[AUTOGRAPH LETTER, SIGNED, FROM ALEJANDRO MALASPINA TO THE VICEROY OF MEXICO, REPORTING ON THE PROGRESS OF THE MALASPINA EXPEDITION]
by Malaspina, Alejandro
Lima, 1790. pp., docketed on verso. Quarto, on a folded folio sheet. Old fold lines, minor wear and soiling. Very good plus. In a half morocco box. A fascinating letter by Alejandro Malaspina, addressed to Juan Vicente de Guemes, Viceroy of Mexico, describing the year he has spent since parting from the viceroy in Cadiz, around the coast from Buenos Aires to Lima. The Malaspina Expedition (1789-94) was arguably the most significant Spanish scientific exploration performed in the 18th century, designed and modeled under the influences of those of the British Cook and the French La Pérouse. The letter is signed from Lima, detailing to the Viceroy the progress and route taken by the expedition during its eleven months and giving a detailed account of the places visited. Starting the missive on an odd note, Malaspina tells the Viceroy he wishes not to come to him as a traitor, but rather as someone who wishes to manifest his everlasting recognition for the many favors granted upon him. He continues the note expressing his joy for the success of the expedition thus far, carried out between Buenos Aires (the expedition first landed in Montevideo) and Lima, and the many astronomical and scientific discoveries made. Malaspina then promises to send a detailed account from Acapulco, and begins with the derrotero of the expedition, starting at Montevideo, exploring the coast of the Patagonia, Puerto Deseado, the Falklands (even then disputed, and considered a point of geo-political importance), Tierra del Fuego, Cabo de Hornos, and up the Pacific, all the way to Lima. En route to Lima they explored Chile (mapping the region, collecting zoological and botanical samples, and meeting with the Huiliches natives) and Valparaiso, where the corvettes separated to gain time - the Atrevida exploring the coast of Valparaiso whilst the Descubierta sailed to the islands of Juan Fernandez. The vessels would reunite at the port of Callao, giving course to a prolonged stay in Lima of approximately three months, re-provisioning and repairing the Descubierta and the Atrevida. Their time in port would also give the scientists time to order to the vast amount of material collected thus far. Malaspina then states how pleased he is that the abuses of the previous minister have been remedied, although he thinks it will be too difficult to reach the capital (Mexico), as it would take too much time away from the expedition, and the only delay in Acapulco will be to re- provision the ships. In 1789, Malaspina and Bustamente drew up plans for this scientific circumnavigation which was to rival Capt. Cook, the purposes being to chart the most remote regions of America and to observe the political state of America relative to Spain. Alexander Dalrymple assisted them with scientific instruments, a brilliant team of scientists was assembled, and ships were specially constructed. Surveys were made of the east and west coasts of South America, and they fixed the exact position of Cape Horn, correcting Cook's reading. On receipt of orders to investigate the apocryphal Strait of Anian, they sailed for Alaska and entered Yakutat Bay at the supposed latitude of the strait, where the Malaspina Glacier flows into the sea, and followed the coast to Prince William Sound and Nootka. Malaspina surveyed the coast south to California at Monterey Bay and crossed the Pacific in 1791. Two of his officers and Jose de Espinosa y Tello returned north in search of a northwest passage and published the charts and account of this secondary voyage in 1802. In the Philippines, New Zealand, and New South Wales, Malaspina continued charting before making an easterly passage around the Horn for Spain. "In spite of having commanded Spain's greatest scientific voyage of exploration to the South Seas in the eighteenth century, [Malaspina] is virtually unknown. He had enemies in the Spanish court who suppressed his reports, which were not printed until this edition of 1885. Some scholars consider the exploits of his five- year voyage as great as those of La Pérouse or of Captain Cook" - Hill. The full expedition report and crates of specimens were lost in the Spanish archives for nearly a century, until found by Novo y Colson. The addressee, Count of Revillagigedo (1740-99), was viceroy of Mexico. Malaspina writes to him in a friendly fashion, even though his orders were to investigate and provide an analysis of the Viceroy's governance of the region. Revillagigedo was a reformer and one of the most efficient viceroys of Mexico. Extremely rare. This is the only letter by Malaspina to have appeared in the market that we know of. Made doubly enticing by dint of being unpublished and full of important and interesting content. HILL 1068 (ref).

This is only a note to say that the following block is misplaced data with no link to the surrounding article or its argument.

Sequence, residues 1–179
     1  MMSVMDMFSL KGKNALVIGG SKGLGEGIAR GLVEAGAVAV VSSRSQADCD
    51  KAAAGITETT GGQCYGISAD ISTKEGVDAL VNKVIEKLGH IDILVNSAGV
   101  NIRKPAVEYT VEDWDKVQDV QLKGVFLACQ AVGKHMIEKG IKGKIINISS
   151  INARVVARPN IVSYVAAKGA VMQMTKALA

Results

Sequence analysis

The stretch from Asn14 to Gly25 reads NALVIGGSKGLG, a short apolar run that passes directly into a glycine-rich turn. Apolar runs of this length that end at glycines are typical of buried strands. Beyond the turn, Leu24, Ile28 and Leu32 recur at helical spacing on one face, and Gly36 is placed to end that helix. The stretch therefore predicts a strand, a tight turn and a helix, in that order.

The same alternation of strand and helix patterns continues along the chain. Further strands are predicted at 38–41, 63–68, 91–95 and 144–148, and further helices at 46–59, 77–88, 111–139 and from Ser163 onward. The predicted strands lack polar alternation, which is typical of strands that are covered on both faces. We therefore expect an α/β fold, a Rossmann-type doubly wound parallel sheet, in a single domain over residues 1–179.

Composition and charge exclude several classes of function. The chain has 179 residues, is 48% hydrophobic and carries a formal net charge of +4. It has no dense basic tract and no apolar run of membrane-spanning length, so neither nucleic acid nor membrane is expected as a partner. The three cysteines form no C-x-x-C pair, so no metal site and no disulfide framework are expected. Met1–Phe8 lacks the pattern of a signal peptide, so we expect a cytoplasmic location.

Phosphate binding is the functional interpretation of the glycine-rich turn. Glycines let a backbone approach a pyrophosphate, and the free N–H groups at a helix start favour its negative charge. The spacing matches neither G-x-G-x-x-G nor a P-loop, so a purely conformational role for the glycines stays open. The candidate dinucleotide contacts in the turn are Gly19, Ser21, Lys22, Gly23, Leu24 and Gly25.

(Inventory #: WRCAM51832)
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